Things in the world of General Aviation are improving it would seem. Cirrus Aircraft say they'll sell 20% more aircraft this year than they did last, while Piper is predicting 75% year on year growth (last year wasn't a good year).

According to AOPA US some fuel companies are reporting an uplift in deliveries and the commercial training segment will be heartened by the Airbus announcements (billions of dollars worth of orders), and the fact that Boeing has announced two production rate increases for the 737 line in the last few weeks, the latter bringing the number up to a mind-boggling 35 a month.

It'll be a while before we see GAMA's Q2 numbers, but in the meantime we'll have AeroExpo, Goodwood and Oshkosh to provide us with a little litmus test.

Tuesday, 15 June 2010

An interesting landing






















I had lunch with an interesting French guy a couple of days ago. Although Pierre Lainey no longer does any flying he's done more than most and paid for all of his 6,000 hours. He's taken part in the Paris-Peking Rally, crossed the Atlantic and flown the length of Africa. By the time we'd got to the main course a couple of fellow diners had persuaded him to talk about his most 'interesting' aviation exploit which happened when on the way back to France from Montreal in a four-seat homebuilt.

At FL150 and while over Greenland the engine stopped. There was no warning, no sign of impending failure just silence and a windmilling propeller. Pierre flew the aeroplane while his co-pilot, the aircraft's builder tried whatever he could think of to get it going again. Inevitably as they lost altitude they went into the undercast. Pierre explained that when it became clear they might not break cloud before getting to the ground he trimmed for minimum control speed and concentrated on keeping the wings level. The first sign of them being close to the ground was when the prop stopped windmilling and broke thanks to ground contact. Apparently the contact with the snow was quite gentle and soon there was only silence and stillness. With zero visibilty there was no way of knowing if they were on flat ground or perched on a precipice and when they fist moved outside the first steps were tentative.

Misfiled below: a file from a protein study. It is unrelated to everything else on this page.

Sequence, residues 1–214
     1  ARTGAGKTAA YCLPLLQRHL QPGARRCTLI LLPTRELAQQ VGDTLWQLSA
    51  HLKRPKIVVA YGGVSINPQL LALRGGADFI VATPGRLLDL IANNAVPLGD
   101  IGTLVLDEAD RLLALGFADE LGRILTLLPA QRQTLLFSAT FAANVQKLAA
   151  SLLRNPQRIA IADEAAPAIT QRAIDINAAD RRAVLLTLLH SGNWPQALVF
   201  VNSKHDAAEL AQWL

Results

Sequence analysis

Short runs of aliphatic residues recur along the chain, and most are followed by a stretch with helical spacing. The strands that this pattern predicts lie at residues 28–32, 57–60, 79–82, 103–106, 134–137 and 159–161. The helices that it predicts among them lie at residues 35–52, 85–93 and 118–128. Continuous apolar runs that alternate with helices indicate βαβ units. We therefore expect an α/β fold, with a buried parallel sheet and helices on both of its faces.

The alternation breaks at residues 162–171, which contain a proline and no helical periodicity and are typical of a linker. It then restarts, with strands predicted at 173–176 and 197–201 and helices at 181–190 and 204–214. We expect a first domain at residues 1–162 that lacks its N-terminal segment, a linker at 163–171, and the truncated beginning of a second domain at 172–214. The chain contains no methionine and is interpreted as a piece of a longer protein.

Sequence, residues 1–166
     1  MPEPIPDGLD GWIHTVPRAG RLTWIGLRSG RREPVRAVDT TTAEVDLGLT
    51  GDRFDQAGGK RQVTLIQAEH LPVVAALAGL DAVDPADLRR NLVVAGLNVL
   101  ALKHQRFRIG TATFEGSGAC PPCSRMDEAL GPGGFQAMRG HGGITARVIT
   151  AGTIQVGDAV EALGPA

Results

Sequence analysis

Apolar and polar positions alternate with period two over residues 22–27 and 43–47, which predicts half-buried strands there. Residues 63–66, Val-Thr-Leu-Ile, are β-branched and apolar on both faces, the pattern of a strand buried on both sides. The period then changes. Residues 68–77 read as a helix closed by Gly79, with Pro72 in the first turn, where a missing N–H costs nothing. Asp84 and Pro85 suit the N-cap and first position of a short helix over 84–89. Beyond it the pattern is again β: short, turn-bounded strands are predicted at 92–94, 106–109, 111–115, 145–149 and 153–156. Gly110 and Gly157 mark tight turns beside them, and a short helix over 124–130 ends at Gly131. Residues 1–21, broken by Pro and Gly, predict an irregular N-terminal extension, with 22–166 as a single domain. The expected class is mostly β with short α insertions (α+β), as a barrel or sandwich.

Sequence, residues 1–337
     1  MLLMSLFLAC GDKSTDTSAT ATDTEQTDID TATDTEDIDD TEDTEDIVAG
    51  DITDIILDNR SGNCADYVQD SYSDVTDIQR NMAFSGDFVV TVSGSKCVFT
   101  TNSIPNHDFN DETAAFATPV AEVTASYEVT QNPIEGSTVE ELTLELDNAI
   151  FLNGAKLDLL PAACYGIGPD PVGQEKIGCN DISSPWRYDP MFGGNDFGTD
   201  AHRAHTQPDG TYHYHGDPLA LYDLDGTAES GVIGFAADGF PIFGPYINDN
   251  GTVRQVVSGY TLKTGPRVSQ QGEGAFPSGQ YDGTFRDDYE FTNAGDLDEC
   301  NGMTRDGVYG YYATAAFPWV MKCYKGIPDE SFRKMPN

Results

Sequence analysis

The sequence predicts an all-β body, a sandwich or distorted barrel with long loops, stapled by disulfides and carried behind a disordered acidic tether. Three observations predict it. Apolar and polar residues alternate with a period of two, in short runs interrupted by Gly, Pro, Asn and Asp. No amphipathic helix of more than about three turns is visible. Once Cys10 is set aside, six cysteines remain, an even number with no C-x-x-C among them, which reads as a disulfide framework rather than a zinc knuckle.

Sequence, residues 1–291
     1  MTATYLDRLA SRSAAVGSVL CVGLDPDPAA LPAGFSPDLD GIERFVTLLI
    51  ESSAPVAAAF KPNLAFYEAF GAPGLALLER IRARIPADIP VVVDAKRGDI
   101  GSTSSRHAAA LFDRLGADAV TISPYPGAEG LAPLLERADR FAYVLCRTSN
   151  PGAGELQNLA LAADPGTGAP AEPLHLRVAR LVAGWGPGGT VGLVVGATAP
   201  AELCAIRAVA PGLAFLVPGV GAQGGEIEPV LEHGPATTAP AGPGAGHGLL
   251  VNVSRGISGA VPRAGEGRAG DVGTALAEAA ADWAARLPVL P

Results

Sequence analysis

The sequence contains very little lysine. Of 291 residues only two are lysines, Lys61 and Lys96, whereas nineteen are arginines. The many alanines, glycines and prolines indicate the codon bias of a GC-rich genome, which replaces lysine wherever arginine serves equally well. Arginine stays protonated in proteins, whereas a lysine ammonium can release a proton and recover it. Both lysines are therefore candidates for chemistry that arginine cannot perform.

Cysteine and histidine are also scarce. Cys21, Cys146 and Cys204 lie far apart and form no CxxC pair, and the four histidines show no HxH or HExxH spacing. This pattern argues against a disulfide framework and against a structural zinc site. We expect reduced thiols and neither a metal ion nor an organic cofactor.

Pierre had put out a mayday call on the way down. This had been acknowledged, but on the ground he no longer had two-way contact with Sondrestrom. An overflying airliner relayed their exact position and Pierre's wife (who was also at the meal) was telephoned by search and rescue in Greenland and asked what the crew had in the way of survival equipment. Later that day a tent and supplies were dropped (it happened in June, so there was pretty much permanent daylight). and the pair spent the night under cover before being picked up the next day by a Twin Otter on skis.

The aeroplane was recovered, repaired and is now in different hands and flying from Rouen.

Monday, 14 June 2010

Coasting in

I'm not the sort of pilot who believes that the engine goes to 'auto rough' over water, and I try to look at these things as logically as a I can. Statistically aviation engines are pretty damn reliable, particularly if they are kept fed with fuel, and most ditchings have a happy ending, even with fixed gear high-wing aircraft.

That doesn't stop a slight sense of satisfaction (relief?) when coasting in, and I have no idea why. When I'm over water I keep an eye on the Ts and Ps, I notice boats below and I have 121.5 on comm 2 - all of which I consider sensible rather than paranoid precautions - but I'm not at all worried, so why should the fact that there's land below make any difference? Think about it, more people come to grief if they have an engine failure over land than they do over water. There's stall/spin accidents, running into trees and other hard object accidents and of course the running into unseen wire accident, not to mention the greater danger of fire following a bodged forced landing.

The feeling isn't logical, but it's there and it's a bit frustrating because of that.